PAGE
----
The finest short life of the monarch, by the 'founding father' of contemporary royal biography fully updated to within a month of publication. For more than thirty-five years Robert Lacey has been gathering stories from the members of the Queen's inner circle - her friends, relatives, private secretaries and former prime ministers - and the results are distilled in this elegant hardback. Tracing her life through its major stages, and uncovering her greatest personal loves and trials, A Brief Life of the Queen offers the freshness of the first-hand insights and compelling storytelling for which Robert Lacey's bestselling biographies are renowned. A succinct, personal and beautifully illustrated biography of Elizabeth II, who has managed to remain an enigma, despite being the most recognised woman in the world. AUTHOR: Robert Lacey is a British historian noted for his in-depth research and page-turning narrative style. He is the author of several international bestsellers including Majesty, The Kingdom: Arabia and the House of Saud and Great Tales from English History. He is the historical consultant to the award-winning Netflix series The Crown, and author of The Official Companion to the Crown.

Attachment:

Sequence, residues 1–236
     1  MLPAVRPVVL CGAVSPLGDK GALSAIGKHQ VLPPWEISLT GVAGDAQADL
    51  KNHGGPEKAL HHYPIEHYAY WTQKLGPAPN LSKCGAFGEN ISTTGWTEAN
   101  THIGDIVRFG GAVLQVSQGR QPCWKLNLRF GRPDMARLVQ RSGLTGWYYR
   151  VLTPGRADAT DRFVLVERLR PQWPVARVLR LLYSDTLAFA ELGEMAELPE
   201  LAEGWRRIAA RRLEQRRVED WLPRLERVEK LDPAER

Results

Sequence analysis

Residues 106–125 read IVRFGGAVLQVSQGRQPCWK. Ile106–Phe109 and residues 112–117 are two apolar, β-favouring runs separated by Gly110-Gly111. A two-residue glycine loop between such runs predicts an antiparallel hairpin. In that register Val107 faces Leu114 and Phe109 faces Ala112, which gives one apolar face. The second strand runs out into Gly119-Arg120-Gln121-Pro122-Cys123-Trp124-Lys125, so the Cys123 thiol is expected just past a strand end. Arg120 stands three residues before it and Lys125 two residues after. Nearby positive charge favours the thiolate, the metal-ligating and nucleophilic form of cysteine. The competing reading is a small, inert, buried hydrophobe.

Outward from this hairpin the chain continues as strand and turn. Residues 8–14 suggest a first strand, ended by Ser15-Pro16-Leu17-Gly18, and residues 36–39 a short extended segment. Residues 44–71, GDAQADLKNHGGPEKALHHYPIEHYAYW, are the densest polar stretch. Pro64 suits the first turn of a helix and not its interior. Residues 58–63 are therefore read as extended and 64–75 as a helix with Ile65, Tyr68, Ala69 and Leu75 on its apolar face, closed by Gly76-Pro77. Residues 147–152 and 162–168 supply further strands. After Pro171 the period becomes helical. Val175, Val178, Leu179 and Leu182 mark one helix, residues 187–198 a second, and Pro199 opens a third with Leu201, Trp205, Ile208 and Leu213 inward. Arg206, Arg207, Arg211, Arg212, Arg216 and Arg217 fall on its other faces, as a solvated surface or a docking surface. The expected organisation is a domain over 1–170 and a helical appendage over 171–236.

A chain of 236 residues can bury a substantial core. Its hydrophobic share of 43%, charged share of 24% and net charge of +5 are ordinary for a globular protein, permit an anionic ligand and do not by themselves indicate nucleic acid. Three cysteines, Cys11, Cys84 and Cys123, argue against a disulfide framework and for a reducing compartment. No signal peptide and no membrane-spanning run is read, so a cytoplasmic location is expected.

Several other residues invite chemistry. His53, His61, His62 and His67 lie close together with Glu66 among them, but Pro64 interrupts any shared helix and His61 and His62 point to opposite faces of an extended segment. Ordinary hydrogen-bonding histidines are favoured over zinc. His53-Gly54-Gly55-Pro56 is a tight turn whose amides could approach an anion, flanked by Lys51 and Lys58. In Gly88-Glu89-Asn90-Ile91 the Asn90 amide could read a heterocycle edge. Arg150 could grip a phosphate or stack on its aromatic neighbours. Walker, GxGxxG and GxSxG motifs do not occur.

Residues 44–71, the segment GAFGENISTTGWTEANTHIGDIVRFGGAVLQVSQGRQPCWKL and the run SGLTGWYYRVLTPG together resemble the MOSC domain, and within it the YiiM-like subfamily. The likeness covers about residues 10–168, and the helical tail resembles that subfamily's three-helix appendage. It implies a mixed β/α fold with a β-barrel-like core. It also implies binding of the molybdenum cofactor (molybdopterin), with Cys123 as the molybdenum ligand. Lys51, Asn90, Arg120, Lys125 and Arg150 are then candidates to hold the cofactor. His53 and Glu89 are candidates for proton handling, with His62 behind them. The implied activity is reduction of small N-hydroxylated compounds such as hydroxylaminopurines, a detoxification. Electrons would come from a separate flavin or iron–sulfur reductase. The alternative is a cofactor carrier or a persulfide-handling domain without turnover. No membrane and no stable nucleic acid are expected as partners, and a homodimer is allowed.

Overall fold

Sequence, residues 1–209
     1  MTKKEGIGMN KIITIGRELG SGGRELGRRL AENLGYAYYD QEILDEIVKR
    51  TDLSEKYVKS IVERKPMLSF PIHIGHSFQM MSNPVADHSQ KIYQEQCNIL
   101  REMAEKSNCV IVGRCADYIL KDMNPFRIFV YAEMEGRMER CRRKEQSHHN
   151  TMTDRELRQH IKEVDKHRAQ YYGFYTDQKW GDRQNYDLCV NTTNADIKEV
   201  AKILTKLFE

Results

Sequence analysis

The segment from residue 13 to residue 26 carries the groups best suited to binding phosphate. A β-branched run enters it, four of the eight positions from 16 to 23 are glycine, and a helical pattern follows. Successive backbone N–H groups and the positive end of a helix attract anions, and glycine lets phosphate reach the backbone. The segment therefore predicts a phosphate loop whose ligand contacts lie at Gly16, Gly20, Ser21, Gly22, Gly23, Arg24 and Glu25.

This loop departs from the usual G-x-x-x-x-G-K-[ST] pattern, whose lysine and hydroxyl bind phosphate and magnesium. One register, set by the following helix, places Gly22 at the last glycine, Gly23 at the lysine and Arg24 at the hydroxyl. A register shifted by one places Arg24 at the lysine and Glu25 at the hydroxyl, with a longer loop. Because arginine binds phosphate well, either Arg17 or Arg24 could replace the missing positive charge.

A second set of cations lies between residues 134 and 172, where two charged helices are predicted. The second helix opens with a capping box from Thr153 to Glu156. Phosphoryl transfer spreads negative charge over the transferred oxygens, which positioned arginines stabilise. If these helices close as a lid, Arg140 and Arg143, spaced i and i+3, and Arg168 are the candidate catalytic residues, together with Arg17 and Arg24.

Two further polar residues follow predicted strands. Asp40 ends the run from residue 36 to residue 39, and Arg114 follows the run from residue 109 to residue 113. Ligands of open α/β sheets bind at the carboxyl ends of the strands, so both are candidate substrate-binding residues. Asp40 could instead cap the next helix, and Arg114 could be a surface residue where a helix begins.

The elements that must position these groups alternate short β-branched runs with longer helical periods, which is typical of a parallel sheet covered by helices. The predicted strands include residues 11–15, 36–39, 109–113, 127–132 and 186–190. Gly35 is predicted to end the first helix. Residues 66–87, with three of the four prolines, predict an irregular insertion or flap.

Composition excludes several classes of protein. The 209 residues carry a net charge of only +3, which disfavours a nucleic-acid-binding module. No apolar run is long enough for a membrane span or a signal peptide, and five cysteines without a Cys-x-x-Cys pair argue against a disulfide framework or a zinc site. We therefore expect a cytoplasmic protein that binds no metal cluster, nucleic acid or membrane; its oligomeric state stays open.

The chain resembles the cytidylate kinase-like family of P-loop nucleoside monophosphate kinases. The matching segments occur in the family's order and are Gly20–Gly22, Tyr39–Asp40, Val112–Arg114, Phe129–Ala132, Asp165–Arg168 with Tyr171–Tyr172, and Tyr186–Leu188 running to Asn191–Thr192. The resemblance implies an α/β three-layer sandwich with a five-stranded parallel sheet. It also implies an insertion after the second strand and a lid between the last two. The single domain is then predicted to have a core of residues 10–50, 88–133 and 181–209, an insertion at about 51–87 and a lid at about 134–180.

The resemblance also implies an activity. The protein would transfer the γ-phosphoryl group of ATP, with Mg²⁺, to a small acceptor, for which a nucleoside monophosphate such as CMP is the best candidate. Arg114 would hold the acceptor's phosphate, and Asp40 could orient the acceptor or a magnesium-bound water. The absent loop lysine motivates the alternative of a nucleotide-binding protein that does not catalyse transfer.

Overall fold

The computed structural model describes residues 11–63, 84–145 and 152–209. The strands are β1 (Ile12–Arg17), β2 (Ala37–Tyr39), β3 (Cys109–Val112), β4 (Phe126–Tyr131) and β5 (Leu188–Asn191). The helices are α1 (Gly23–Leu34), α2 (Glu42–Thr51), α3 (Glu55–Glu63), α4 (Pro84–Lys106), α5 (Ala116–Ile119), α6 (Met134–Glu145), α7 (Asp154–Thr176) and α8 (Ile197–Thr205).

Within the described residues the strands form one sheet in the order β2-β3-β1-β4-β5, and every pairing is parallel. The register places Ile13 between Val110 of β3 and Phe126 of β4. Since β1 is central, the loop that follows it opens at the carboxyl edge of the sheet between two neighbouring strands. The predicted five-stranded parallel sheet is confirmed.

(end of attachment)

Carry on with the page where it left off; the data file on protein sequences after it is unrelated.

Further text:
In 2019, the Queen finally appears to be at ease in the modern world, helped by the new generation of Windsors, while - ironically - the campaign for Brexit encourages in the British people a backward yearning for a glorious age that never really existed. But here, through Clive Irving's unique insight, we find a more fragile institution, whose extraordinarily dutiful matriarch has managed to persevere by making a Faustian pact with the media. From the 'annus horribilis' that was 1992, the Queen's reputation, and thus that of the monarchy, has staged a remarkable recovery and arguably stands at an all-time high. The Last Queen is not a conventional biography, and is therefore not limited by the traditions of that genre. It follows Elizabeth and her family's struggle to survive in the face of unprecedented changes in attitudes towards the royal family with the critical eye of an investigative reporter who is present and involved.